We’ve just uploaded a new video to you YouTube Channel:
We are very pleased to be part of CRN’s “The Top 20 Cloud Platform Vendors Of 2011″
More to come – stay tuned!
I’ve just uploaded the slides from my JavaOne 2010 presentation “Functional Programming in Java – Lessons Learned by GridGain”.
Dmitriy Setrakyan will be speaking about GridGain and its Scala usage at TriJUG on March 21st, Raleigh, North Carolina. Topic is about “Cloud Computing with Scala and GridGain”. As always – plenty of live Scala coding. World’s shortest MapReduce app in 5 minutes in Scala as well as Data Grid access using Scala. See it to believe it
Hope to you see there!
Since the release of GridGain 3.0 last year we’ve seen a surge of interest in OEM licensing of GridGain. We’ve been caught a little bit off guard here – and I’ll try to rationalize this dynamic in this blog.
When we started GridGain project 5 years ago the OEM wasn’t even something we considered as a viable licensing option. In fact, why would anyone want to black-box the entire cloud middleware to use in their own software products?
After talking to our customers I see now three critical reasons that make GridGain probably the only OEM friendly cloud computing software:
1. SPI Architecture
If there is one single feature that drives rapid OEM adoption of GridGain it would be our unique SPI (Service Provider Interface) based architecture. Similar in ideas to OSGi or CSA but tightly integrated into the core of GridGain – it allows for unprecedented customization of GridGain. In fact, GridGain has 11 subsystems that can be totally replaced by user-provided implementations without affecting the rest of GridGain operations. From auto-discovery to communication protocols, from failover management to collision resolution, from deployment to tracing, from advanced load balancing to bootstrapping – GridGain is the industry only cloud computing middleware that has these capabilities.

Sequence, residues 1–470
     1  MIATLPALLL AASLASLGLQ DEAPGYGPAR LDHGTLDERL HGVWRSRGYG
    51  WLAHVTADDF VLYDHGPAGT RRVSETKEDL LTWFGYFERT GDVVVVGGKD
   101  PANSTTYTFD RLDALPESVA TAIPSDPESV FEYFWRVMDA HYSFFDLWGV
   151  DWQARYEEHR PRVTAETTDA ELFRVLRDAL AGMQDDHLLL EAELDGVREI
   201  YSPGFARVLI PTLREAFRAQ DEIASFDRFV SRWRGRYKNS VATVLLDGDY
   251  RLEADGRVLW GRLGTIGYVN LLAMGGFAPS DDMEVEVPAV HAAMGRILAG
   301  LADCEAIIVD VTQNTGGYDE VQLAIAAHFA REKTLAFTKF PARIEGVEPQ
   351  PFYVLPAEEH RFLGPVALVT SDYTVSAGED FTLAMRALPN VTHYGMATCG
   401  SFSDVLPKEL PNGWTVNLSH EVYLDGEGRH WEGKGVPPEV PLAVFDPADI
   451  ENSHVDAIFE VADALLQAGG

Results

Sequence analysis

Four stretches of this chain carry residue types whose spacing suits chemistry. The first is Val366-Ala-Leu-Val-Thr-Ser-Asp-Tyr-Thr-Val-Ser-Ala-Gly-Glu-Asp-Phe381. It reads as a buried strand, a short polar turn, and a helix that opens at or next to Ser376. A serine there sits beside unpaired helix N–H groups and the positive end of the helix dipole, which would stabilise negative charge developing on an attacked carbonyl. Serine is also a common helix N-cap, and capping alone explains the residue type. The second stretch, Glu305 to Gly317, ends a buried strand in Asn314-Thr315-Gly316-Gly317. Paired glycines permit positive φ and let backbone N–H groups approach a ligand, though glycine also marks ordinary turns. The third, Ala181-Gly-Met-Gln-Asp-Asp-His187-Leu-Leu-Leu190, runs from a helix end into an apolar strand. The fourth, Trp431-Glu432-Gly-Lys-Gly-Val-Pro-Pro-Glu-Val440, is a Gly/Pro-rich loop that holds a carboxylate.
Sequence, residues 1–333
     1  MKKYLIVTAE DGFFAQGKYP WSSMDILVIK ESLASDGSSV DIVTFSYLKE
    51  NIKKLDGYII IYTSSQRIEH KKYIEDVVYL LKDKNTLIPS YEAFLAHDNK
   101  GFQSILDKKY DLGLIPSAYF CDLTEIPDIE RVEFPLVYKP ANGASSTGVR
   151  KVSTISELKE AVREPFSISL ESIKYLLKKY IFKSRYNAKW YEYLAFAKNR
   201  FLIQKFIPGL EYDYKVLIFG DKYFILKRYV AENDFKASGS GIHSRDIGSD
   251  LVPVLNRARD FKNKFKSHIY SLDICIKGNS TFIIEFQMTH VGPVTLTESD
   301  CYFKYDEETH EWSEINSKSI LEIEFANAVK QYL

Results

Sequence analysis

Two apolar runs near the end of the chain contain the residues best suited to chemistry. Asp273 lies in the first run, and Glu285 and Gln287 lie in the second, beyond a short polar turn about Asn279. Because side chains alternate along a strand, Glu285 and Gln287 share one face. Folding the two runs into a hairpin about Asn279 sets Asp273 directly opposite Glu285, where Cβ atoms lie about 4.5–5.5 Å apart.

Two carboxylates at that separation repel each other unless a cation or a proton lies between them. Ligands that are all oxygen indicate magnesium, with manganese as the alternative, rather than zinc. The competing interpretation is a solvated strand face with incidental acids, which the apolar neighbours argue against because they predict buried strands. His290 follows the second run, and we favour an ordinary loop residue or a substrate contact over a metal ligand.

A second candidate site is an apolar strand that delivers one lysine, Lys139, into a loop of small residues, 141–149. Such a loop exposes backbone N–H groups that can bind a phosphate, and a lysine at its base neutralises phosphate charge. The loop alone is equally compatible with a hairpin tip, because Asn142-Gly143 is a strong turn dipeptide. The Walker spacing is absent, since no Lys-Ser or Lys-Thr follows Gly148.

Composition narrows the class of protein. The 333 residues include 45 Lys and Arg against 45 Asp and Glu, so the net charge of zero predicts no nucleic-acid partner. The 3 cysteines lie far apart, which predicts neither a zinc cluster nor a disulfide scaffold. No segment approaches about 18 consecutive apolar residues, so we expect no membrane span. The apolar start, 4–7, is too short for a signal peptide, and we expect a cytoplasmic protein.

For OEM usage this capability is critical. For example, the inability to customize the discovery and communication protocols is essentially a deal breaker for most of the OEM usage as cloud middleware should be able to blend into the hosting environment. GridGain allows to reuse existing networking/protocol infrastructure or adopt it via its advance SPI architecture.
2. Integrated Compute and Data Grids
GridGain remains the only distributed middleware of any kind that provides full integration between state of the art built from the ground up compute and data grid technologies. No need to awkwardly emulate compute grid with data grid or vice versa. No need to integrated desperately different projects or sacrifice on features. For EOM users this is critical. They projects and requirements will undoubtedly change over time and they need middleware that will support them going further. From OLTP to OLAP processing, from BigData to near real-time MapReduce, from few to thousands of computers in the cluster/grid/cloud – GridGain provides cohesive platform for high performance distributed OEM applications.
3. Enterprise Edition & Commercial Licensing
OEM license is available for GridGain Enterprise Edition. Not only it includes enterprise features not available in Community Edition but it also includes support making OEM licensing safe and simple choice: you get the software that you can private label, unlimited usage and you get the original support from people who built that software and not a 3rd party provider. Simple, effective and to the point – just the way we like it! And our OEM license is based on our commercial license – so our customers don’t have to deal with Apache or GPL consequences for their own software. It also removes any legal exposures potentially associated with open source licenses.
GridGain User Group started!
Daily online newspaper for GridGain news is out: http://paper.li/gridgain/1299724823